Once there was a town that made a deal. The deal was made when the town was just a village, a hamlet, a collection of hovels. Now the town is a middle class suburb called Gentry. But the deal still holds. In exchange for prosperity and health, the town agrees not to notice that every seven years, one of their children disappears and is replaced by a sickly thing that is not human and doesn’t live for long. “We take for granted that sometimes you lose a child. And sometimes everyone else gets hit by the recession. Everyone else’s unemployment skyrockets…but not ours. Never ours because if you feed the ground, the ground feeds you back.” Except one time, one of them lives to grow up. Mackie knows he’s different, but his friends and family love him anyway. The problem is, he can’t love himself, not when he knows what he is. Not when he knows who’s rightful place he took. A human boy who’s blood was spilled so he could live. Now Mackie has the chance to save another small soul that will be sacrificed so the town can prosper. But with friends and family in both worlds, is he strong enough to make the ultimate choice that will decide the future of Gentry? Haunting and melancholy, this debut horror novel is full of small, perfect moments of exquisite foreboding that almost made me hum with pleasure (you know if you read this blog regularly how much I love me some scaretasticness) I wish I could tell you more, but I’m afraid of giving away the sick little secrets at the rotten heart of this darkly gorgeous gem. I did feel like newbie author Brenna Yovanoff pulled a few punches at the end when it came to a gruesome character called The Cutter, but other than that, I was wholly satisfied. And while I saw interesting elements of books like The Last Daysby Scott Westerfeld, American Gods by Neil Gaiman, The Forest of Hands and Teeth by Carrie Ryan and the story “The Lottery” by Shirley Jackson, rest (in peace) assured that this atmospheric tome has a gothy music all its own. A perfect choice for Halloween reading. LOVE!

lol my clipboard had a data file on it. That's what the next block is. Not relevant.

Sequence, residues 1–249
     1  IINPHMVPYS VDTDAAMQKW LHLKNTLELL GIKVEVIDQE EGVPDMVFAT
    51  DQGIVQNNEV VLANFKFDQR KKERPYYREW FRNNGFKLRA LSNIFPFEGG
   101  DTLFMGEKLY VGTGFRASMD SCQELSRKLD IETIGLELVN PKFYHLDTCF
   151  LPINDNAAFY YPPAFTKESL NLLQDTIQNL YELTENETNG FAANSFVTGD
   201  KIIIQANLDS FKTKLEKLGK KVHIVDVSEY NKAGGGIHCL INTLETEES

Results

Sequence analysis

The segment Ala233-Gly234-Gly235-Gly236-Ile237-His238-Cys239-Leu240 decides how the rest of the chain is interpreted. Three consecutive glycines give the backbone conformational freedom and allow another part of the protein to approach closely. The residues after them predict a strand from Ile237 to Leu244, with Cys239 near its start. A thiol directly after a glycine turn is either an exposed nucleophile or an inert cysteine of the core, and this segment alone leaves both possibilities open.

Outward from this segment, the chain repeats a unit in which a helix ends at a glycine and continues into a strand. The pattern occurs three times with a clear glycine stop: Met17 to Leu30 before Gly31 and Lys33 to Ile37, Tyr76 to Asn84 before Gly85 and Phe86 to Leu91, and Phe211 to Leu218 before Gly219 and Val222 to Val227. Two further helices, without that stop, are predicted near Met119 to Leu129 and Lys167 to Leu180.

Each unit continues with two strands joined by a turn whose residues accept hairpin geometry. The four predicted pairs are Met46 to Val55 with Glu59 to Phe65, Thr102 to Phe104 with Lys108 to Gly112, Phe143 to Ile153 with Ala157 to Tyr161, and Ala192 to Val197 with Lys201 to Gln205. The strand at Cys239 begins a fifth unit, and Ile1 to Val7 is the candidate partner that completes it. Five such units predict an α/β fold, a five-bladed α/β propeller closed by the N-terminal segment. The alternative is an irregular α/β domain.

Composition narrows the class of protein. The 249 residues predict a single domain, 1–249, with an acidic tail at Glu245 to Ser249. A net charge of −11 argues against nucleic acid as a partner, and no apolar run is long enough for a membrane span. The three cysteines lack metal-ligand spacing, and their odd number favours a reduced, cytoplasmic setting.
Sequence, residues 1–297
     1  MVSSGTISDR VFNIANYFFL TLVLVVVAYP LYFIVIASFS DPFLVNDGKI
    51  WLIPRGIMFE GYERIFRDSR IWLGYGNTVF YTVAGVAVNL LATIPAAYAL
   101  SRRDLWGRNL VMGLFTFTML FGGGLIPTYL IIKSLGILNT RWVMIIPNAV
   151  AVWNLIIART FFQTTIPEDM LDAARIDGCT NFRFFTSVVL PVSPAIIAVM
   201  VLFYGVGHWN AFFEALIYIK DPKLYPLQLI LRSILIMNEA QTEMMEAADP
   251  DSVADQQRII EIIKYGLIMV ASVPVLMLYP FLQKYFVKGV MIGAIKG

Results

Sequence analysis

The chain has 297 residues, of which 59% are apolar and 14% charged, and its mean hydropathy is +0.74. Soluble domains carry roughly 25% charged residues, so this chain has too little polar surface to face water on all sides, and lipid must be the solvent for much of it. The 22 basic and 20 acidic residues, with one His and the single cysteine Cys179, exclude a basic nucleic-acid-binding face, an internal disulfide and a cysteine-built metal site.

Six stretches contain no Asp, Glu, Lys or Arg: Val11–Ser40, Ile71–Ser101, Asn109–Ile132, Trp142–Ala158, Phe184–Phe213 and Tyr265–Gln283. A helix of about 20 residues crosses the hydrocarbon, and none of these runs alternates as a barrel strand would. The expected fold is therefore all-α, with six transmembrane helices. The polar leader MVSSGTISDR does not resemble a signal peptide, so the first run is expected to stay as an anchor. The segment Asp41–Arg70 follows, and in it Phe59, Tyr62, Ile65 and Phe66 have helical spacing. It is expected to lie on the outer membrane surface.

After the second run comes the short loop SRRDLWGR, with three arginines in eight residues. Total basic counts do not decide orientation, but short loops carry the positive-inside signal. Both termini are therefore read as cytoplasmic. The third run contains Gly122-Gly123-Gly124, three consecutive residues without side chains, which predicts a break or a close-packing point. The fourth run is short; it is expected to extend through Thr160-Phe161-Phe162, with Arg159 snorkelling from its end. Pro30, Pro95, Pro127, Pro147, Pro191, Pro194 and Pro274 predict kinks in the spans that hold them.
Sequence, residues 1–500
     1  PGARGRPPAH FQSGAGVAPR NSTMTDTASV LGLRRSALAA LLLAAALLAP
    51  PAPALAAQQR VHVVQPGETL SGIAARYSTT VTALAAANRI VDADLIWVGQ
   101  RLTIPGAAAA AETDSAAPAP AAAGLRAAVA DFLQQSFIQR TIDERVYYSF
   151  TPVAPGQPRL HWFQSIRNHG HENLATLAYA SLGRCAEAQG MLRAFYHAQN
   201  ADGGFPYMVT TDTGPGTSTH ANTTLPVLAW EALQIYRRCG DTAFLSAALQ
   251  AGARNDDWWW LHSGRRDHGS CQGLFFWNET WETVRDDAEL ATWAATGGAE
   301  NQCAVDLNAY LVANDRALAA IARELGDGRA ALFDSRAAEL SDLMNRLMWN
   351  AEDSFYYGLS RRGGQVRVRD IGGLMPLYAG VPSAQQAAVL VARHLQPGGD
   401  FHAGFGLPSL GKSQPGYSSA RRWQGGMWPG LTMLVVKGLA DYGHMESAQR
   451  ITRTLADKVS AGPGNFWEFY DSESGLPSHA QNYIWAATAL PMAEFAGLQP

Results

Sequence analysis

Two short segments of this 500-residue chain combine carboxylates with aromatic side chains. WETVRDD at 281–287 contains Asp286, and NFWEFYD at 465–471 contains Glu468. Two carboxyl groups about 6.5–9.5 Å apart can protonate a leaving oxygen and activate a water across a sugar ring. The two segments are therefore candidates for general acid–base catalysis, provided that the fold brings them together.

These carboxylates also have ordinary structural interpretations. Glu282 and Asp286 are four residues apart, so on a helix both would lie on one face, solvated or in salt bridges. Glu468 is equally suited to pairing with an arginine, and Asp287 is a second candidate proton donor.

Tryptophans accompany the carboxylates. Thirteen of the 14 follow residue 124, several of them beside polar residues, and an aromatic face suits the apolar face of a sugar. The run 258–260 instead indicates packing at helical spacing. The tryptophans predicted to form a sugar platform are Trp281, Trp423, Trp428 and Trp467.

The Replacement by Brenna Yovanoff